(Photo: Diego M. Radzinschi/NLJ)
A divided federal appeals court Monday ruled that Virginia’s ban on same-sex marriage is unconstitutional.
The U.S. Court of Appeals for the Fourth Circuit, in a 2-1 decision, affirmed a lower court ruling striking down the marriage ban and a separate state law barring recognition of same-sex marriages legally performed elsewhere.
“Because we conclude that Virginia’s same-sex marriage bans impermissibly infringe on its citizens’ fundamental right to marry, we affirm,” Judge Henry Floyd wrote for the majority. He was joined by Judge Roger Gregory.
Floyd wrote at the end of the Monday’s ruling:
“We recognize that same-sex marriage makes some people deeply uncomfortable. However, inertia and apprehension are not legitimate bases for denying same-sex couples due process and equal protection of the laws. Civil marriage is one of the cornerstones of our way of life. It allows individuals to celebrate and publicly declare their intentions to form lifelong partnerships, which provide unparalleled intimacy, companionship, emotional support, and security. The choice of whether and whom to marry is an intensely personal decision that alters the course of an individual’s life. Denying same-sex couples this choice prohibits them from participating fully in our society, which is precisely the type of segregation that the Fourteenth Amendment cannot countenance.”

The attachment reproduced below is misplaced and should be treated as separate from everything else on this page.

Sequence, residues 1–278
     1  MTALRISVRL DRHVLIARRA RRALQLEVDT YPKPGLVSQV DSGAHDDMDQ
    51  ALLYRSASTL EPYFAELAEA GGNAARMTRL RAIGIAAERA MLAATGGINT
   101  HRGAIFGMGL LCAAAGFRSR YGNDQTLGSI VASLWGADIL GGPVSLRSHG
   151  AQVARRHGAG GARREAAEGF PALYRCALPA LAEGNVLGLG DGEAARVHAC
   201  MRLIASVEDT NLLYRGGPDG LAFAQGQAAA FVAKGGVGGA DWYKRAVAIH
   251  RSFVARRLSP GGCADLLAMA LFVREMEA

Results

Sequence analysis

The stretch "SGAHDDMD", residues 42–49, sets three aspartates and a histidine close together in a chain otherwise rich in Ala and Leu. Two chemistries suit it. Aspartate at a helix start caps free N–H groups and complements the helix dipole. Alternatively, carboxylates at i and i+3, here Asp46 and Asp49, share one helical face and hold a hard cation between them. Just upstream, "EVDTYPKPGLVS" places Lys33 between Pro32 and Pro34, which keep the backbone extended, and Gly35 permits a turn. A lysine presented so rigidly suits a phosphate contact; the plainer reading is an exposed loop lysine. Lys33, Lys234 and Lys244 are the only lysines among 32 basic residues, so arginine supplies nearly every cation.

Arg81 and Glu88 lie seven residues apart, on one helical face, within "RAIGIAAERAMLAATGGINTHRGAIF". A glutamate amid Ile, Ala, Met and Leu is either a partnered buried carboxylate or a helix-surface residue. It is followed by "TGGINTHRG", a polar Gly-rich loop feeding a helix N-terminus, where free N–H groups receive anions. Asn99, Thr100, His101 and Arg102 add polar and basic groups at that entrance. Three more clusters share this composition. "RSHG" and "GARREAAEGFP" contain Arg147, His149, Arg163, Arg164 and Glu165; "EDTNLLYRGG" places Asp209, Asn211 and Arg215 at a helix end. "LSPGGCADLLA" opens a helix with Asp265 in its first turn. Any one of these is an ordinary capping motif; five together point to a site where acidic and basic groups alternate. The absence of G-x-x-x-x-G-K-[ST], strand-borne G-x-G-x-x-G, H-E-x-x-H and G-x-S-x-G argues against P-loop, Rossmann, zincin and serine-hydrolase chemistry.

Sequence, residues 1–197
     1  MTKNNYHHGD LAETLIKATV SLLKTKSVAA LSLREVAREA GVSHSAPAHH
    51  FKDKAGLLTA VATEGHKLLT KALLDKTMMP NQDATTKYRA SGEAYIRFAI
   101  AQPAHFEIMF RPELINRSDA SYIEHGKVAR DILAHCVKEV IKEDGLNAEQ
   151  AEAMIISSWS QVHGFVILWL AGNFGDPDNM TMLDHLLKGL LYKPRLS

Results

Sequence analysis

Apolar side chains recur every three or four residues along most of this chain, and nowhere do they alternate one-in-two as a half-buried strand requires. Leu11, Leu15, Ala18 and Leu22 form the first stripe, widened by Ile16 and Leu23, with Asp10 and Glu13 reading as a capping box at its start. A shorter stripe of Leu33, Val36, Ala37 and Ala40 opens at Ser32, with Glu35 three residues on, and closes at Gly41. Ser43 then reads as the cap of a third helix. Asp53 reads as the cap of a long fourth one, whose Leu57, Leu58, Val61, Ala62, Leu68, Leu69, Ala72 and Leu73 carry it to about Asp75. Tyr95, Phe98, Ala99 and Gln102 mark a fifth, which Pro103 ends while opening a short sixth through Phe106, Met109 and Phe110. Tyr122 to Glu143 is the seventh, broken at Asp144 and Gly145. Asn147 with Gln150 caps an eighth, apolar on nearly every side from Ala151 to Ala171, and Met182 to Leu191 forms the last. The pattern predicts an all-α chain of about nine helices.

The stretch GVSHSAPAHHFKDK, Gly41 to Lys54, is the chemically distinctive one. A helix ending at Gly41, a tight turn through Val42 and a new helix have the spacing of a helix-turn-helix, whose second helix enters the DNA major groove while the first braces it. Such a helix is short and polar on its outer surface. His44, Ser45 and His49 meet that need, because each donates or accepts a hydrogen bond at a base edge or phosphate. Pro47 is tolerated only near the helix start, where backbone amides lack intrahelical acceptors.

Judge Paul Niemeyer dissented, writing that he would “defer to Virginia’s political choice in defining marriage as only between one man and one woman.”
The Fourth Circuit is the second federal appeals court to rule on constitutional challenges to state bans on same-sex marriage. In late June, a divided panel of the U.S. Court of Appeals for the Tenth Circuit struck down Utah’s ban on same-sex marriage. This month, the Tenth Circuit struck down Oklahoma’s ban.
The state of Utah is appealing the Tenth Circuit’s decision directly to the U.S. Supreme Court.
Gibson, Dunn & Crutcher partner Theodore Olson argued on behalf of same-sex couples in Virginia seeking to undo the bans.
“Today’s decision stands as a testament that all Americans are created equal and denying loving gay and lesbian couples the opportunity to marry is indefensible,” Olson said in a statement.
David Boies of Boies, Schiller & Flexner also represented the couples, and Olson and Boies were supported by the American Foundation for Equal Rights.
Virginia Attorney General Mark Herring, who took office in January, decided not to defend the ban before the Fourth Circuit. David Oakley of Poole Mahoney in Chesapeake, Va., and David Austin Nimocks of Alliance Defending Freedom argued for county circuit clerks who defended the bans.